Just spent 20 minutes reading Wikipedia about the spelling reform movement. Apparently, a lot of people out there are advocating spelling reform — basically pointing out bologna doesn’t really spell baloney.

English really is a screwed up language, a fact that I’m learning more and more as my 6-year-old daughter asks me to spell words. (Yes, “new” does sound like “noo,” but we spell it “new.”)

Andrew Carnegie, believe it or not, was a big advocate of the spelling reform movement which made great strides in the second half of the 1800s.

Here are some successes that Noah Webster incorporated into his 19th-centure dictionary:

  • musick became music (musick spelling is no longer in use today)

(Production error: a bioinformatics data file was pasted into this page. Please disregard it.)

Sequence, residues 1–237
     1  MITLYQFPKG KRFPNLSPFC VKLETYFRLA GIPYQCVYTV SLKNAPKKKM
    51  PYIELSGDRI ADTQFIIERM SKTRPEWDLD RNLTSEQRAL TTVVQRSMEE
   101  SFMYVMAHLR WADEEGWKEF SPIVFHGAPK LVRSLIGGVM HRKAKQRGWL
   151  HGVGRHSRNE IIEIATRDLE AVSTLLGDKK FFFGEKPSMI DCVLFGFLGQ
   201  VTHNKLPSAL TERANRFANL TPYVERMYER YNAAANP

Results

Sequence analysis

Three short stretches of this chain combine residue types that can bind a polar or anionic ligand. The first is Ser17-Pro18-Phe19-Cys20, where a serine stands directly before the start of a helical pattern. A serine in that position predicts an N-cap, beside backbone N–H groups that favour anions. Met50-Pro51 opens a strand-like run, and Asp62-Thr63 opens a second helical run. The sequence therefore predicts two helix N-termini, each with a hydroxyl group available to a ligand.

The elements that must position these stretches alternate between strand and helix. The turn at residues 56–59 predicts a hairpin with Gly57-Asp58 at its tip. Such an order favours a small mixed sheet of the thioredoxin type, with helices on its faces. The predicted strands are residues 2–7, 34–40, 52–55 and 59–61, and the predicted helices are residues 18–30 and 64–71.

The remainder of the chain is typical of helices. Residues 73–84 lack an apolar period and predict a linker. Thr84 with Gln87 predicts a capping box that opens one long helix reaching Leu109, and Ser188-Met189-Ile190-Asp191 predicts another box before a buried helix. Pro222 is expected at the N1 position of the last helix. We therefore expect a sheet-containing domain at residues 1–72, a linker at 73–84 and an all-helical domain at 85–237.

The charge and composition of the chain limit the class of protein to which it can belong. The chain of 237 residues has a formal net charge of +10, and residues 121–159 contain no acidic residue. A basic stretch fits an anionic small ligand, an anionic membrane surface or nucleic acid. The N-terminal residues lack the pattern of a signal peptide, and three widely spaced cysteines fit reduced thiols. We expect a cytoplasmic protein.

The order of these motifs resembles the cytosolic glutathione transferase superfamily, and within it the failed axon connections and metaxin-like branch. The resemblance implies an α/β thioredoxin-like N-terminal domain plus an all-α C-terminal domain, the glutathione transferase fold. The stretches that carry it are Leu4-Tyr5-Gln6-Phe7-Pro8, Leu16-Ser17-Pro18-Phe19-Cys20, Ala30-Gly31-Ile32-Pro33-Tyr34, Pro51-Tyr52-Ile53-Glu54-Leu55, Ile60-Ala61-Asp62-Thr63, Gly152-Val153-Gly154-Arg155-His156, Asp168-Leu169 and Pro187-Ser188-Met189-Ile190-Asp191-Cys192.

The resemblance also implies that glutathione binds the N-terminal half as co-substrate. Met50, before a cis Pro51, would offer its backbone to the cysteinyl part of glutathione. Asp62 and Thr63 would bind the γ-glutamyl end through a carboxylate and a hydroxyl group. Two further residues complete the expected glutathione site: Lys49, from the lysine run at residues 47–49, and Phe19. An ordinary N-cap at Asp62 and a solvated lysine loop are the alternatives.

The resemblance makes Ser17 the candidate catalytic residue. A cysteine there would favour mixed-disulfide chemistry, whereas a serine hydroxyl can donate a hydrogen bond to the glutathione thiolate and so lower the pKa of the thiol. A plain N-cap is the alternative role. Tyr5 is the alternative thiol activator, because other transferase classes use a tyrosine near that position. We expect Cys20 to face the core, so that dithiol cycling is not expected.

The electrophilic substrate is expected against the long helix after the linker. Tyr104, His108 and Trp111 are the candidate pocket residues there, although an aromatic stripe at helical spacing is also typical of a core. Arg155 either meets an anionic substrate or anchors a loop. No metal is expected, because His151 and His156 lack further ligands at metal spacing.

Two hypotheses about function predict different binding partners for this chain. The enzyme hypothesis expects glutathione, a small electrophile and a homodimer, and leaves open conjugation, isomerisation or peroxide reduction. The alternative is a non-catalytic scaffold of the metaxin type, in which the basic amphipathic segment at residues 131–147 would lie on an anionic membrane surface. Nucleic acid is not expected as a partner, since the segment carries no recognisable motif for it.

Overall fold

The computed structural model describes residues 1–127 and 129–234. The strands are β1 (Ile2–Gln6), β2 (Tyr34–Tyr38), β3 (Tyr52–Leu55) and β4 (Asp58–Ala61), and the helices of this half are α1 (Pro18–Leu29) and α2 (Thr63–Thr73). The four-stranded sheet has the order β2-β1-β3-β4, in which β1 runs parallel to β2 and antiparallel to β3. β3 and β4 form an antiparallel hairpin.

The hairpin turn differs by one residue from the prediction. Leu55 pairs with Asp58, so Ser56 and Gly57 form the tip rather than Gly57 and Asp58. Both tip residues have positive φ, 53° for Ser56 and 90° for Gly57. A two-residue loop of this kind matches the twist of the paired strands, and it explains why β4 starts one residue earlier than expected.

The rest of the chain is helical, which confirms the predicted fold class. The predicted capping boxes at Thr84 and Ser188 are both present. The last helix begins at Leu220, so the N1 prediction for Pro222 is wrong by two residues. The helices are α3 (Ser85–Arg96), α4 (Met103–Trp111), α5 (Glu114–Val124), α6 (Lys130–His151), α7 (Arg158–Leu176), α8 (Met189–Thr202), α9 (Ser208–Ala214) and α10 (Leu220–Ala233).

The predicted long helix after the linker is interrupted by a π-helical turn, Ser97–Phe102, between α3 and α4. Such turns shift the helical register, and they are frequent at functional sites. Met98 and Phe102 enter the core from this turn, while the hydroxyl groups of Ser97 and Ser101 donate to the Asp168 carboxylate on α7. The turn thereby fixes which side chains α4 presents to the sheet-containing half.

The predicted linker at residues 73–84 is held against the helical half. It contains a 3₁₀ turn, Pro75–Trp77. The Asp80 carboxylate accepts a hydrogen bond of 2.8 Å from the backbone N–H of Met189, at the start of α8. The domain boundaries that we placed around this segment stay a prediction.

• publick became public (publick spelling is no longer in use today)
  • cheque became check
  • colour became color
  • plough became plow
  • favour became favor

But here are some that should have caught (cawt?) on, but didn’t:

  • isle became ile
  • examine became examin
  • feather became fether
  • definite became definit
  • thread became thred
  • thumb became thum

Thank you, Wikipedia!